Here is my opinion: Unless you are competition shooter, buy the non-stainless grade barrels. If you are a professional match shooter find a good AISI 17-4PH barrel as it is a much better choice if one wants corrosion resistance, wear resistance, and impact resistance.

For my money and safety, it is a 4000-series material.

from the above link, the guy quoted is a metals guy who apparently doesn't care for 410 or 416 because....they lose out on impact resistance :homer: alright, well that is a lame excuse unless you use your barrel as a hammer or get a round failure that splits the barrel?

regardless, i didn't know anybody made a 17-4 barrel, but yeah if you want to spend money, that would be the thing to buy :laughing:
 

Scott Cee aka 2drx4

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I think the corrosion resistance is something you are missing in addition to the wear resistance.

hence when a decent 'cromo' high carbon steel isn't worth a shit as a barrel unless it is lined, so solid stainless is an easy enough process to just work blanks and send on the way.

Yes, that should have been on the list.

Anyway you're missing the most important property. Consistant accuracy. Will some of the other alloys provide that maybe. 416r does it very well along with the other attributes you mentioned. Is it the best at any one of them? Maybe not but it does all of them very well. Including the ability to manufactured to be very accurate. Regardless of whatever other alloys you bring into the equation and what they excell at, they need to be able to do all of the above mentioned well and be accurate. If they don't then they really arent better are they?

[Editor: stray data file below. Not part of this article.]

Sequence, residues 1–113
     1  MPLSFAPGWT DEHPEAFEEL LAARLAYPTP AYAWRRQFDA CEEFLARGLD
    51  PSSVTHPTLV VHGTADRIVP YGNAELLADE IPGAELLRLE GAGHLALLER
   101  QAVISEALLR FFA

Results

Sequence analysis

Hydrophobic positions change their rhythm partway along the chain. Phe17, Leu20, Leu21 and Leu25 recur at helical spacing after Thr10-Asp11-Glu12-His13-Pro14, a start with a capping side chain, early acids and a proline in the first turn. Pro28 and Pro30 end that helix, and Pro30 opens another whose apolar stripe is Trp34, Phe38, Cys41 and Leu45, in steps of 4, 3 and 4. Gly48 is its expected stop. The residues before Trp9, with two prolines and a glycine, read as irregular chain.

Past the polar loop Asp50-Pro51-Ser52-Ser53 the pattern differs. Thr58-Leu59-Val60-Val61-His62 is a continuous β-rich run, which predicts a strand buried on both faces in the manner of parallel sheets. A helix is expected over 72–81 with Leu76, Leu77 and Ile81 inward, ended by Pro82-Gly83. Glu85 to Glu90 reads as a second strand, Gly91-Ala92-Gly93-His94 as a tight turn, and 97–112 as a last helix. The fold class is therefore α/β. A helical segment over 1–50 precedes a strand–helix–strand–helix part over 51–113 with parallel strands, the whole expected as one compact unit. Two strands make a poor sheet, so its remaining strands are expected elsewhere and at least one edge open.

That is not a material property, hence it is not on the list.

The reason it is consistently accurate is a combination of the other points on the list, which scoring better on them COULD potentially lead to you being able to score better at accuracy.
 

bdkw1

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The reason it is consistently accurate is a combination of the other points on the list, which scoring better on them COULD potentially lead to you being able to score better at accuracy.

There comes a point of diminishing returns. While it is better on paper it probably won't make a difference do to the other variables like wind and ammo. But I'm with you, 400 series stainless would not be My first choice, 17-4 would be the first in line from a cost and machineability standpoint.